prelate

noun
prel·​ate | \ ˈpre-lət How to pronounce prelate (audio) also ˈprē-ˌlāt \

Definition of prelate

: an ecclesiastic (such as a bishop or abbot) of superior rank

Examples of prelate in a Sentence

Recent Examples on the Web Cardinal Becciu seemed a prelate on the rise in the Francis pontificate, often traveling with the pope. Jason Horowitz, New York Times, "Powerful Cardinal, a Fixture of Vatican Intrigue, Resigns Suddenly," 24 Sep. 2020 According to his canonization, St. Stanislaus, an 11th-century prelate who expanded Catholicism in Poland, resurrected a dead witness to win a dispute over money with the king. Lydia Depillis, cleveland, "The big corporate rescue and the America that’s too small to save," 12 Sep. 2020 According to his canonization, St. Stanislaus, an 11th-century prelate who expanded Catholicism in Poland, resurrected a dead witness to win a dispute over money with the king. Lydia Depillis, ProPublica, "The Big Corporate Rescue and the America That’s Too Small to Save," 12 Sep. 2020 The two prelates were the same Vatican officials who went to Chile in 2018 to investigate one case of abuse cover-up and returned to Rome with testimony from more than 60 victims that filled a 2,600-page dossier. Maria Verza, Washington Post, "Vatican halts Mexico abuse prevention mission, cites virus," 6 Mar. 2020 Among the Vatican’s confirmed cases is an Italian prelate who lives at a Vatican hotel where Francis resides. BostonGlobe.com, "Spain in near-lockdown, on the verge of crisis," 27 Mar. 2020 Francis said Wednesday after shaking hands with prelates and the faithful in the front rows of a crowd in which few people wore masks. Jason Horowitz, New York Times, "Fear of Coronavirus Leaves the Faithful Without Mass in Italy’s North," 1 Mar. 2020 Pope John Paul II named him a prelate of honor in 1998. al, "Pope assigns new bishop to Diocese of Birmingham," 25 Mar. 2020 Sarah is a Guinean prelate of the Catholic Church and has been a cardinal since 2010. Carlin Becker, Washington Examiner, "'Cannot remain silent': Vatican scrambles to defuse controversy over Pope Emeritus Benedict opposition to married priests," 14 Jan. 2020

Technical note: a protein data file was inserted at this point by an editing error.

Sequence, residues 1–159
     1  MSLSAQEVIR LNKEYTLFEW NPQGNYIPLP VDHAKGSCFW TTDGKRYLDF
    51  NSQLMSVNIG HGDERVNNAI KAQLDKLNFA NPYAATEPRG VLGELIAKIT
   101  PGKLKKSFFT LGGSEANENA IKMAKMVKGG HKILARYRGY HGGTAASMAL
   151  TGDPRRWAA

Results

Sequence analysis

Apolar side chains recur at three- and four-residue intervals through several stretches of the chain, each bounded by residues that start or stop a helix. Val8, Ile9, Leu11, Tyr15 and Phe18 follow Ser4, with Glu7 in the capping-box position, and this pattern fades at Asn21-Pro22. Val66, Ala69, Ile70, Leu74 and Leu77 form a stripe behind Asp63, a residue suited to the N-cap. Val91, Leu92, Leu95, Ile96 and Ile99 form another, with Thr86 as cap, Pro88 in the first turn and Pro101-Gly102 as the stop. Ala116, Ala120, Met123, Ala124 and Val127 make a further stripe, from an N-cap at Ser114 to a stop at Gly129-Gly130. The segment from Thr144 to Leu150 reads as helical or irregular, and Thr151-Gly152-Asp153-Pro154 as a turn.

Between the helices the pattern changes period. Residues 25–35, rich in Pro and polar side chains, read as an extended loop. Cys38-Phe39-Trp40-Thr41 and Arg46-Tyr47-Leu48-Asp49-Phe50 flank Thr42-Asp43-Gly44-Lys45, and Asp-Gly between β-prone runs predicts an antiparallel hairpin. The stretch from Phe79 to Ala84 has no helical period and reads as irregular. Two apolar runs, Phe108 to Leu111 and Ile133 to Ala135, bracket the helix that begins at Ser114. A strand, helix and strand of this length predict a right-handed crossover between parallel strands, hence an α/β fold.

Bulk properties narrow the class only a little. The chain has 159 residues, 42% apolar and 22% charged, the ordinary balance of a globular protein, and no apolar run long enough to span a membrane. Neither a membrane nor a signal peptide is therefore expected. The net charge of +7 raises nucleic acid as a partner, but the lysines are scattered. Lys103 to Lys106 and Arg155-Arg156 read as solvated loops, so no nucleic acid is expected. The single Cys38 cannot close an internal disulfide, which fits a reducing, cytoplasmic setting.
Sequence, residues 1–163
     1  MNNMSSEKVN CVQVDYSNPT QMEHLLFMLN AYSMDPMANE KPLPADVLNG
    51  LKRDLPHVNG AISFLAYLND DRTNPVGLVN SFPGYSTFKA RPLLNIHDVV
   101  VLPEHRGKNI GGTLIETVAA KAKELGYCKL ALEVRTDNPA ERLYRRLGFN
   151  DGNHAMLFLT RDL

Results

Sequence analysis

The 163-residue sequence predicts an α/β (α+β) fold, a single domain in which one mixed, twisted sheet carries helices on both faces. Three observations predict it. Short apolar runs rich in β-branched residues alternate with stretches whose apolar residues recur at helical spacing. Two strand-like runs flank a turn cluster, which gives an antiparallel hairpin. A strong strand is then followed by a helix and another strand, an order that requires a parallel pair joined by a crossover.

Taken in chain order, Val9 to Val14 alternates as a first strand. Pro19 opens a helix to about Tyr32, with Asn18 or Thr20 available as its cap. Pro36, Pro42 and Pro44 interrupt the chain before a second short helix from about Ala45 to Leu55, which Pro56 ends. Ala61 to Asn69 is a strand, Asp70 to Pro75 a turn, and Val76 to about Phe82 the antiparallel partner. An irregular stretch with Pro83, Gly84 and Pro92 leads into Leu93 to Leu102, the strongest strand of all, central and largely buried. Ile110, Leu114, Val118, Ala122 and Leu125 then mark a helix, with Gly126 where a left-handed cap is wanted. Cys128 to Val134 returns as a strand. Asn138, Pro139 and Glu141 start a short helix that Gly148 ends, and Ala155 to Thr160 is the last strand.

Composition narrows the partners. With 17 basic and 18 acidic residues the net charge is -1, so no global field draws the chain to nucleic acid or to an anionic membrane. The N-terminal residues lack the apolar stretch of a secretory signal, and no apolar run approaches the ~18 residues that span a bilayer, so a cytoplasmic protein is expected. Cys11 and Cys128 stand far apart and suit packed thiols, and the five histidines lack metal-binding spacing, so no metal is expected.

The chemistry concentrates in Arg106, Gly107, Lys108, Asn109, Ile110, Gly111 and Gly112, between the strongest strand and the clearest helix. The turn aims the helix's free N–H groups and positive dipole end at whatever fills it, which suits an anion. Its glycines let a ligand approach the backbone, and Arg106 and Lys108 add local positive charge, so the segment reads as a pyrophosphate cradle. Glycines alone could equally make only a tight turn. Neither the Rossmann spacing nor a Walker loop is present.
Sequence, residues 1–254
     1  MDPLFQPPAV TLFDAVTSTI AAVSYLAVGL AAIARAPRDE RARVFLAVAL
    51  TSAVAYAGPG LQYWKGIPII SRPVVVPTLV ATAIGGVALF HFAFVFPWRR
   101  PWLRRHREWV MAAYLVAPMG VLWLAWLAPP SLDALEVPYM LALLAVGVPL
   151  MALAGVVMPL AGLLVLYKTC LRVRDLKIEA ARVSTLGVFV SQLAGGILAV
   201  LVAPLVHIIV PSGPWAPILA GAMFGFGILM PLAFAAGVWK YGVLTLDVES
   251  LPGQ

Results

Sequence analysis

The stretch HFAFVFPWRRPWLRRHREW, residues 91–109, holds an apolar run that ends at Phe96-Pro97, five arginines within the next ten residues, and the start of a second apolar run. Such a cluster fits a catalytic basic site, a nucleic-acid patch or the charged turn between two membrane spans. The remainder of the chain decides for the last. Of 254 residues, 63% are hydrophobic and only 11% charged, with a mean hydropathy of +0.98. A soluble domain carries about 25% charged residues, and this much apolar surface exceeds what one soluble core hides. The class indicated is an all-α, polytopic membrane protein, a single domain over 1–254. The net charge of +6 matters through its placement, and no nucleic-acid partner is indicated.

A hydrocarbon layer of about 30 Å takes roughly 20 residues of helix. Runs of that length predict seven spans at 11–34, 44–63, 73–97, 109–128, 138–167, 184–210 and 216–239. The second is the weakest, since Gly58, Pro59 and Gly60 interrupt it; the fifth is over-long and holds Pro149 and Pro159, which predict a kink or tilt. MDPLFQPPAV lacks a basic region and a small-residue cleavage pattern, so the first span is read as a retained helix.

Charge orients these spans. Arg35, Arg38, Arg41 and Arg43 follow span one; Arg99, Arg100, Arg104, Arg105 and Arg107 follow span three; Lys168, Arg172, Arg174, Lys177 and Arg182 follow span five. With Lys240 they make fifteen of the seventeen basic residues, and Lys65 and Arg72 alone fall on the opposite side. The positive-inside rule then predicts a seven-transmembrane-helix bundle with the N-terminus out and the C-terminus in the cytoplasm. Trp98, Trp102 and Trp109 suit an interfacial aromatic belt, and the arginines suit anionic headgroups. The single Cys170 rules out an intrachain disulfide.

These example sentences are selected automatically from various online news sources to reflect current usage of the word 'prelate.' Views expressed in the examples do not represent the opinion of Merriam-Webster or its editors. Send us feedback.

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First Known Use of prelate

13th century, in the meaning defined above

History and Etymology for prelate

Middle English prelat, from Anglo-French, from Medieval Latin praelatus, literally, one receiving preferment, from Latin (past participle of praeferre to prefer), from prae- + latus, past participle of ferre to carry — more at tolerate, bear

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Time Traveler for prelate

Time Traveler

The first known use of prelate was in the 13th century

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Last Updated

4 Oct 2020

Cite this Entry

“Prelate.” Merriam-Webster.com Dictionary, Merriam-Webster, https://www.merriam-webster.com/dictionary/prelate. Accessed 21 Oct. 2020.

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More Definitions for prelate

prelate

noun
How to pronounce prelate (audio)

English Language Learners Definition of prelate

formal : a high-ranking Christian priest : a bishop, cardinal, etc.

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